Inheritance TaxWillsOffice of Tax Simplification Inheritance Tax (IHT) Review – Second Report

Last year, the Office of Tax Simplification (OTS) was asked by the Chancellor of the Exchequer to conduct a review into Inheritance Tax (IHT). The OTS’s findings are being published in two reports. The first was published at the end of November 2018 which covered administrative concerns. Information on the first report can be found on our previous article.

On 5 July 2019, the OTS released their second report which covers wider areas of technical concern. This report has made a number of recommendations and comments. The key areas covered are listed below and the full report can be found here.

Lifetime Gifts for Inheritance Tax

The report’s key recommendations relate to lifetime giving.

Gift Exemptions

If a person currently wants to make lifetime gifts to reduce their IHT liability, there are a number of reliefs available to them:

  • Annual exemption of £3000
  • Small gift exemption of £500
  • Gifts in consideration of a marriage/civil partnership

The OTS recommends replacing the annual exemption and gifts in consideration of a marriage exemption with one personal allowance. Doing this would remove the complexities caused by the number and interactions between different exemptions. The level of this allowance would need to be considered.

They also recommend keeping the small gift exemption separate from this new personal allowance as removing the small allowance could be complex. It would require all gifts, no matter how small, to be taken into account when considering if the personal allowance has been exceeded. They do recommend reconsidering the level of the small gift exemption.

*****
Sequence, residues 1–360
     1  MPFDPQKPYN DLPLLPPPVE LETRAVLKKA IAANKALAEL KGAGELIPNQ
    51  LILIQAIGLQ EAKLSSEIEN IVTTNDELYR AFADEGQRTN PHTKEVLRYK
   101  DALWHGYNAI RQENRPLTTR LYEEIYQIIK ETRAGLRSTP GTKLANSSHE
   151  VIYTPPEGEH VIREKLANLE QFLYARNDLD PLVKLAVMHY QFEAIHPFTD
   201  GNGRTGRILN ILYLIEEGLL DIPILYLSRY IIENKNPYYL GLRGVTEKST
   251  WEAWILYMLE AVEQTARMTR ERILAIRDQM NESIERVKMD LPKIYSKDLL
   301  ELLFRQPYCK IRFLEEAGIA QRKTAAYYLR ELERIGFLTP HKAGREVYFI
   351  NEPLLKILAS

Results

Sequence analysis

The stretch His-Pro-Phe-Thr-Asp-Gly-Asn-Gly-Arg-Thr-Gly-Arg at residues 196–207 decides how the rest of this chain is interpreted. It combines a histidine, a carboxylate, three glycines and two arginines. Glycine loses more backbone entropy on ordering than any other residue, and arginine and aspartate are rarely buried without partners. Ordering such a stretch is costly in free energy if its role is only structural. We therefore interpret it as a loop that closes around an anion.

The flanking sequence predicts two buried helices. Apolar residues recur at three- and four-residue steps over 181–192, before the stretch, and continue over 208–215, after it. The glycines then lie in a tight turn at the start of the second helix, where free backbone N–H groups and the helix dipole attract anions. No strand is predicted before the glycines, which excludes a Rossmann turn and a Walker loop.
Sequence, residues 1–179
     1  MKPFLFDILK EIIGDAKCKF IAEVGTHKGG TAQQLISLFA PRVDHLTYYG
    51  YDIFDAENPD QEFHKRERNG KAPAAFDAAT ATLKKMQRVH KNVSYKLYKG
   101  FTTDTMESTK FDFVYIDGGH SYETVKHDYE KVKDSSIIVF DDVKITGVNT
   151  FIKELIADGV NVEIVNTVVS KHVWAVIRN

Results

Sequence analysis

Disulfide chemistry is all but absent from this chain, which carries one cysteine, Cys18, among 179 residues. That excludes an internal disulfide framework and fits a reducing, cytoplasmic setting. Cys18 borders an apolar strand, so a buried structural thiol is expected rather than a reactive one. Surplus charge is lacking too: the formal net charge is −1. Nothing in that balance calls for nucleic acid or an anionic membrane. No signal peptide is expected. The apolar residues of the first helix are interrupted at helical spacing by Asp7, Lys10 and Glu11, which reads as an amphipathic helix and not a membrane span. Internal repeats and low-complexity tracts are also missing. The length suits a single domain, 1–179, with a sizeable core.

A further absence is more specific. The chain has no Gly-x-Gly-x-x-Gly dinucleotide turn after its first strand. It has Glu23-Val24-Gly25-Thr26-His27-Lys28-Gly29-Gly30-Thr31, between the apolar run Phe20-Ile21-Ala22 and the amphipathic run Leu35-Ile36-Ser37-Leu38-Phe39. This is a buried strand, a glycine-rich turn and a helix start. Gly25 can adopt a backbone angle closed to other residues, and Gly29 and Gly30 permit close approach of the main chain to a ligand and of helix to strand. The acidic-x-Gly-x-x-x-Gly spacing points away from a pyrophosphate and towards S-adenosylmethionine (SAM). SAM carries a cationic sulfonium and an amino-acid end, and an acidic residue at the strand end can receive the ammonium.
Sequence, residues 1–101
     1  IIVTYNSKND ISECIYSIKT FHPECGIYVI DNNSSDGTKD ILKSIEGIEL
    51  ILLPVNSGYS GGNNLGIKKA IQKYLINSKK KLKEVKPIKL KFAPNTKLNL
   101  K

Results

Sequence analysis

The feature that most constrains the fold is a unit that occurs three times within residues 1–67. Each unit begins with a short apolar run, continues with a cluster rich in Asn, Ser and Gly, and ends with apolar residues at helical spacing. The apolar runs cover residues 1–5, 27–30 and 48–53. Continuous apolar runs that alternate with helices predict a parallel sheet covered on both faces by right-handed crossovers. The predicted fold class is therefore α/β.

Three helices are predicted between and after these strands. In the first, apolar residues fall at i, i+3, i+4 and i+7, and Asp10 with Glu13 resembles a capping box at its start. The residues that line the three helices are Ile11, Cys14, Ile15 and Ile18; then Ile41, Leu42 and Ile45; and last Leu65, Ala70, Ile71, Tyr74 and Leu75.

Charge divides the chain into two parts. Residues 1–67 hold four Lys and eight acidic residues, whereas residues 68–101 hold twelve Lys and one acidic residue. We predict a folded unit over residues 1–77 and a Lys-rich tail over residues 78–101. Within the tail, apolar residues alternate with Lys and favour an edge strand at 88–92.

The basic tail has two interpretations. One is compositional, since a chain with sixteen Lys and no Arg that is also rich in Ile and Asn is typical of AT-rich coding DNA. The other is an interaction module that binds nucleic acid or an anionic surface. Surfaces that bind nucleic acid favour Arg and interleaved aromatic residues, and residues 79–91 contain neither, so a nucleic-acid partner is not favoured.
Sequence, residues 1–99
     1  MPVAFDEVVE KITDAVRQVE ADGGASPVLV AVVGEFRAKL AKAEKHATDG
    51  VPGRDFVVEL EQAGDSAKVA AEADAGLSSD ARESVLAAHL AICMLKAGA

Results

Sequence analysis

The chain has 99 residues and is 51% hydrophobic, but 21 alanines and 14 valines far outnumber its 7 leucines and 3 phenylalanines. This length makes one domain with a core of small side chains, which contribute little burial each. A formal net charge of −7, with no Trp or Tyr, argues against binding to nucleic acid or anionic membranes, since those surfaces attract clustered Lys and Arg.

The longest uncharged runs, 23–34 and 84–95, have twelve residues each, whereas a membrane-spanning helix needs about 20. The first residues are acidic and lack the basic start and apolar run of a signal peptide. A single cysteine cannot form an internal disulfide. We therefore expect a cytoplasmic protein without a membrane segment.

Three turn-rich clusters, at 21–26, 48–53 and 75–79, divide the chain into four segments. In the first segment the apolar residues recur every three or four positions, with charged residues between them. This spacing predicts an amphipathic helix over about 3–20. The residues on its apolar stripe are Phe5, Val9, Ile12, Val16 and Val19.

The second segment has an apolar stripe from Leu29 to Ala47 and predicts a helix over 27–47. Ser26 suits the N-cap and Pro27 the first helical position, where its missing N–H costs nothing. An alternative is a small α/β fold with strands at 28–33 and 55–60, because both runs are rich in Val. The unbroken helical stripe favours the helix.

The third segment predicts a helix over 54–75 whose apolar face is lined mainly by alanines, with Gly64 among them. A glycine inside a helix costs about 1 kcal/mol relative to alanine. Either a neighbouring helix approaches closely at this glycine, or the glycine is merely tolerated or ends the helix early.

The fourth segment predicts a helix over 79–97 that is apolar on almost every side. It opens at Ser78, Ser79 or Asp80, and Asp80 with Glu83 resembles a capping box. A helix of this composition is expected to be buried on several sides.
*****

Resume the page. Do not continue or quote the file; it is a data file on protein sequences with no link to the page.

Regular gifts out of income

In certain circumstances, regular gifts of surplus income could be seen as exempt from IHT.

The OTS comments that this exemption is often misunderstood, is overcomplicated and is too difficult to claim unless the deceased has made plans during lifetime. The OTS recommend either removing the need for gifts to be regular and introducing a limit to the exemption or replacing the exemption by making the personal gift allowance higher.

Gifting Period

Currently, if a person makes a lifetime gift (for which no exemption applies) and they die within 7 years of the gift, the gift will become chargeable and be considered as part of their estate on their death.

The OTS recommends shortening this period from 7 years to 5 years as executors can find it difficult to obtain records of older gifts particularly for gifts older than 6 years old. They presume that due to this some older gifts are not reported to HMRC. Unsurprisingly, little inheritance tax is paid on gifts made more than 5 years before death currently.

In addition to the 7 year rule, there also a second rule known as the 14 year rule. It can become necessary to look back up to 14 years before death when, for example, there has been a gift to a trust followed by a gift to an individual and the giver then dies within 7 years of the gift. When considering the amount of NRB available at the date of the second gift, regard must be given to the amount already used against chargeable lifetime transfers made in the 7 years before the date of the gift. The OTS recommend removing this ‘confusing rule’.